July 26, 2013 § 2 Comments
I assume all of you know what a teddy bear is, and I hope some of you have an idea who Vandana Shiva is. For those who don’t, she’s an Indian environmental activist and globalization critic. She gave the closing speech at this year’s Deutsche Welle Global Media Forum (DWGMF) which I attended last month. For a stream and transcript of her impressive speech, click here. One paragraph at the very beginning of her speech caught my attention in particular:
And in ‘72 we had a horrible flood and the women came out and said these trees protect us. They prevent the landslides, they prevent the flooding, they give us food, they give us fodder, they are our mothers and you can’t cut them and they created one of the most amazing movements that became my university of ecology.
Why? Not only because it’s a great story about courage, but also because I had heard it before – at work. After high school, I volunteered at a local environmental education centre for a year and now, four years later, I still work there as a freelancer. We mainly teach elementary school kids about issues in sustainability, climate change and environmental protection, and one of our most popular programmes is Teddybear’s Picknick: The children and their teddy bears are sent on a quest to discover the meaning of swaf (shelter, water, air, and food) with the help of various fun activities and games. One of the acitivies is a story about a girl in India who stands up against timbers who try to chop down the forest surrounding her village. She and the other villagers all hug a tree and refuse to let go – because they know their lives depend, to a certain extent, on those trees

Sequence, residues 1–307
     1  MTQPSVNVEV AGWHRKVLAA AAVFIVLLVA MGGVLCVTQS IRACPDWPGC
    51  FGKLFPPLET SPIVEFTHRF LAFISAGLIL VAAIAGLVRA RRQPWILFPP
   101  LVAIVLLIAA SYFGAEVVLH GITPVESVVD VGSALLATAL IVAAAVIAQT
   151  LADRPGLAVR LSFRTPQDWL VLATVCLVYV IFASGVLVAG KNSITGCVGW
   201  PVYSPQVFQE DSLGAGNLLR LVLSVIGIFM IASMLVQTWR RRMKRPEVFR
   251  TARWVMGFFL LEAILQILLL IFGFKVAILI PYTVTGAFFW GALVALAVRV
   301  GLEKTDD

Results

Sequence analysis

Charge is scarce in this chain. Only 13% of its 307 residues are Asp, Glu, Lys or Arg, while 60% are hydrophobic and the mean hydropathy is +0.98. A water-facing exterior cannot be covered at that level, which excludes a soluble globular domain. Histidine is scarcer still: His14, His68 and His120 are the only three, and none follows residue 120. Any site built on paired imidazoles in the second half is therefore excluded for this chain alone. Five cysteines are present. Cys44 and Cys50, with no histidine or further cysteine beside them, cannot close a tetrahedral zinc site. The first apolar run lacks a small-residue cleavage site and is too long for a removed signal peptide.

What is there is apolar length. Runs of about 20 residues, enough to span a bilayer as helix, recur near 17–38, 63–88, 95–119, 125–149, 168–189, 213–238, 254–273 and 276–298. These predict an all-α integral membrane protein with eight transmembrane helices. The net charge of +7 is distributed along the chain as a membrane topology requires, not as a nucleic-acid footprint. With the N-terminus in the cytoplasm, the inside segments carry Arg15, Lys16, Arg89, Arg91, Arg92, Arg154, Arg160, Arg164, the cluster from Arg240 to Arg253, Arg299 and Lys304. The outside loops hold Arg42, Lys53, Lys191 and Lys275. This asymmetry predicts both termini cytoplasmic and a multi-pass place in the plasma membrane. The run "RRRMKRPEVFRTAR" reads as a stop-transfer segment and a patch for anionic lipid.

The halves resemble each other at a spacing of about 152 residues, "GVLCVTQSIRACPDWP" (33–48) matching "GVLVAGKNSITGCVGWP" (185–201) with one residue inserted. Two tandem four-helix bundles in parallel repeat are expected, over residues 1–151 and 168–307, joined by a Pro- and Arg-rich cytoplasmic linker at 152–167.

It’s nice to hear the same story being told in two seemingly different contexts. But it also goes to show how closely related these contexts are: While the DWGMF is concerned with a global, more political context, environmental education centres break down those complex global issues and pass them on to the next generation.
The German environmental movement of the 1980s had one important slogan: “We’ve borrowed planet Earth from our children.” The children from back then are grown-ups now and have come to realize that they – that we – too have borrowed this planet from our children. This is a great responsibility for our generation as it’s our task to create a more sustainable planet. I know that sustainability has become an annoying, overused buzzword lately, but I’m using it in it’s very basic meaning: We have to respect planetary boundaries in order to make sure that the “effects of our action are compatible with the permanence of genuine human life.”
Environmental education plays a key role here: It’s not enough for my generation to realize that resources are finite. We have to sensitize our children for the idea of sustainability. Don’t get me wrong, I’m not one of those eco-warriors and I don’t think that sustainable living should be imposed upon the people by a higher authority. No. What I mean is that responsibility for the planet should be considered as important as responsibility for our bodies – we remind our children to brush their teeth before bed, but we don’t remind them to turn off their electric devices.